The NBA's COVID-19 protocol is necessarily rigorous, but it's thus far had a disproportionate effect on teams' training staffs.
The state of play: The league's 153-page document includes myriad new responsibilities, with team employees in charge of testing, contact tracing and more.
Rural Americans are especially hesitant to receive a coronavirus vaccine, and only a highly tailored outreach campaign is likely to change that.
The big picture: Even as the coronavirus has surged throughout rural America, most people who live in those areas don’t see vaccination part of a social responsibility to help protect others.
Americans are more eager to get a coronavirus vaccine now that the process is underway, according to the latest installment of the Axios-Ipsos Coronavirus Index.
Why it matters: This is an encouraging sign, and an indication that at least some vaccine hesitancy was simple wait-and-see caution — not dug-in opposition.
The Trump administration is set to deliver new guidelines today that will get coronavirus vaccinations moving much faster.
Driving the news: New federal guidelines will recommend opening up the process to everyone older than 65, and will also aim to move doses out the door rather than holding some back.
Three Democratic lawmakers have announced they've tested positive for COVID-19 after sheltering with maskless colleagues during last week's siege at the U.S. Capitol.
Driving the news: Rep. Brad Schneider (D-Ill.) said wrote in a statement Tuesday that he has tested positive for the virus after the attack last week, during which he had to shelter in a crowded space with other lawmakers.
World Health Organization chief scientist Soumya Swaminathan warned Monday herd immunity is unlikely to be achieved this year despite COVID-19 vaccines being rolled out.
The big picture: Mass coronavirus vaccinations are under way in the U.S. and across the world. Moderna said Monday its vaccine would provide immunity against the virus for at least a year. But Swaminathan told a briefing even if immunity "happens in a couple of pockets, in a few countries, it’s not going to protect people across the world" in 2021. "It takes time to scale the production of doses," she said.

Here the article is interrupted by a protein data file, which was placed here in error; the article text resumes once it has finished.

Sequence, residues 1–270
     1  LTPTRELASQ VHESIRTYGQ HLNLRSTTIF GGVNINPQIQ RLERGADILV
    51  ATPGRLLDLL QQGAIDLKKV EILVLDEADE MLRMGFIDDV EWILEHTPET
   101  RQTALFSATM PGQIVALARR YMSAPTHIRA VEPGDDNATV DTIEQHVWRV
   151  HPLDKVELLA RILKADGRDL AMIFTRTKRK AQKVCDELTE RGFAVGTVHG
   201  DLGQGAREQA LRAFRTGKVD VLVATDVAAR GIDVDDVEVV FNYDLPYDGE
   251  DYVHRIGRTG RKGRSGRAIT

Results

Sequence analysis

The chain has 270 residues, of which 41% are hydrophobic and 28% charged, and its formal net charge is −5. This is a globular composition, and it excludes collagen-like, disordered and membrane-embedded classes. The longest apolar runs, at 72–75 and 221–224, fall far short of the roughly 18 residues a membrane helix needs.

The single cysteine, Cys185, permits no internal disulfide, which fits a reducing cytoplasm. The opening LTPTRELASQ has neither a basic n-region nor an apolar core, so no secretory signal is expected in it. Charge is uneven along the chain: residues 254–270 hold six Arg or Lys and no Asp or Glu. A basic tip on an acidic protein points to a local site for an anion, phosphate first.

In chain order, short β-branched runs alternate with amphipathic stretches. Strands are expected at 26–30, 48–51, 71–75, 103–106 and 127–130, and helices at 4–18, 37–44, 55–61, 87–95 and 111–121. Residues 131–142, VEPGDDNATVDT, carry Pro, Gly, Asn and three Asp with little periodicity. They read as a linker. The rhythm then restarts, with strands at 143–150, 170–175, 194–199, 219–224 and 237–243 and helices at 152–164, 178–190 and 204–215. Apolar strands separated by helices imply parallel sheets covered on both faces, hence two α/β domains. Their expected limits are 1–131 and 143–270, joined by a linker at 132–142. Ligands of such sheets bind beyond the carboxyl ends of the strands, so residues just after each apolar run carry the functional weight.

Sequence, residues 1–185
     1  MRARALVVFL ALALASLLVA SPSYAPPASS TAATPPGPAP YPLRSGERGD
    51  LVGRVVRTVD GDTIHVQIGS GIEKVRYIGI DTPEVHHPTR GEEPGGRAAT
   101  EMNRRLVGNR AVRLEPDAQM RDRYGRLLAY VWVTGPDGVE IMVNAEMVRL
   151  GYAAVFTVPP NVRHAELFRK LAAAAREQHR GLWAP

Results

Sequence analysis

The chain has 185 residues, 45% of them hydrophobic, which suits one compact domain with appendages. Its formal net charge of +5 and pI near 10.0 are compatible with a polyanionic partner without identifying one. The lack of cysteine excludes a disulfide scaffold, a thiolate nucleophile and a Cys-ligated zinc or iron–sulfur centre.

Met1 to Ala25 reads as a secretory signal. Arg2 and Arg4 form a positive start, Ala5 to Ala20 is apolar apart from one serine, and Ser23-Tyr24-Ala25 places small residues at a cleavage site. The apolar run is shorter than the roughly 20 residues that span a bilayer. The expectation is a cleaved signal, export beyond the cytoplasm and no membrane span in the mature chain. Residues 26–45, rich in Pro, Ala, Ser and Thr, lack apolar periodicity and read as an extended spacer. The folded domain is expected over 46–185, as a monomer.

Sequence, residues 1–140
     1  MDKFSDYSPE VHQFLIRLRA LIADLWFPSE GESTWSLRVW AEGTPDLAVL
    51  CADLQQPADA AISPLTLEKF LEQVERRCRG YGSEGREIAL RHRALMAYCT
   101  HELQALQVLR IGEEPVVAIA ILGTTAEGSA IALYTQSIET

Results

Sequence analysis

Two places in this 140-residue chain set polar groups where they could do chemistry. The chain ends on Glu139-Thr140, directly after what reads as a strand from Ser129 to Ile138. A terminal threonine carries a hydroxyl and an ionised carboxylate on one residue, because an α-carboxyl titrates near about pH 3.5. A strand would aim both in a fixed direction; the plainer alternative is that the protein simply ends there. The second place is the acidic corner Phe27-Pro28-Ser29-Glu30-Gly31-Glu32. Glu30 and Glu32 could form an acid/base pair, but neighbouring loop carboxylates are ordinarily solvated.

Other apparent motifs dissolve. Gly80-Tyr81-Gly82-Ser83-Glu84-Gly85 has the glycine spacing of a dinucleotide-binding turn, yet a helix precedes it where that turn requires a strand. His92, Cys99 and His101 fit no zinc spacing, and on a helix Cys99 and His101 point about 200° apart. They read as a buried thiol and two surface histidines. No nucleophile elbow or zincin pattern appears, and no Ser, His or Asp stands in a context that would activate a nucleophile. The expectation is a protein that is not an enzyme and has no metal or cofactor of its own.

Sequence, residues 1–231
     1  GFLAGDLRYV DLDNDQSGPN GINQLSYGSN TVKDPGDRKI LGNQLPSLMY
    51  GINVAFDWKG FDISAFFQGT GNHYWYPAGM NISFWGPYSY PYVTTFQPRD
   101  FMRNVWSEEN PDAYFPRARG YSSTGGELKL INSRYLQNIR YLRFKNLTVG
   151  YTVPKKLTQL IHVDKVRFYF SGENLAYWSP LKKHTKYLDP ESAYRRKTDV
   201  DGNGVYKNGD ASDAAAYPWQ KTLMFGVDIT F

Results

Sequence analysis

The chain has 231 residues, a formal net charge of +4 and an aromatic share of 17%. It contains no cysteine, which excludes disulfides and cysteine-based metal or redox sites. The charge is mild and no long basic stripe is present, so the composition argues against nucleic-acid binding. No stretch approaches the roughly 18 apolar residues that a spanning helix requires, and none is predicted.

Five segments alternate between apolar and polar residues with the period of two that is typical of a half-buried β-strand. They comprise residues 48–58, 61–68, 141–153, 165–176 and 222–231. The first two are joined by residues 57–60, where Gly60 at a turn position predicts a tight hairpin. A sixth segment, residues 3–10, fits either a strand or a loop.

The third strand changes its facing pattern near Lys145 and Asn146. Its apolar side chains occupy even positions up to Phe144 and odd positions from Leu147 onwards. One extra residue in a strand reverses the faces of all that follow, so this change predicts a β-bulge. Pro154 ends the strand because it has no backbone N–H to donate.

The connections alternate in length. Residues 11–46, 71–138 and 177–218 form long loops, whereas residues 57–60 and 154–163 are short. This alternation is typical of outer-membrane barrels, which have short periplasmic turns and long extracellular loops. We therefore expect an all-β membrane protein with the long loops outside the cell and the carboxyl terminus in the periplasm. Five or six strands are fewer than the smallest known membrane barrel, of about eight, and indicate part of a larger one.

States across the U.S. are opening stadiums, fairgrounds, convention centers and other large spaces as COVID-19 vaccine "megasites" as they ramp distribution of the shots.
Driving the news: Many states are moving to the next phase of the biggest vaccination drive in history, making vaccines available to new groups, including seniors, teachers, first responders and other essential workers.
President-elect Joe Biden publicly received his second dose of the Pfizer coronavirus vaccine on Monday in Newark, Delaware.
Why it matters: Biden's effort to bolster public confidence in the vaccine, which has been found by the FDA to be safe and 95% effective, comes after an alarming number of Americans polled in December said they would reject a vaccine.
A new study of coronavirus patients discharged from a hospital in Wuhan, China, found that most participants had at least one symptom six months later, the New York Times reports.
Why it matters: The study, published in The Lancet, is a stark reminder that death isn't the only thing to fear from the virus.
President-elect Joe Biden said on Friday that when he takes office, he'll release nearly all available coronavirus vaccines for distribution, instead of holding some back for second doses.
Why it matters: This could help more people get a first dose of the vaccine sooner, and a person familiar with the administration's planning told WSJ that the decision won't change the timing between doses. But there's no guarantee that the policy won't delay second doses.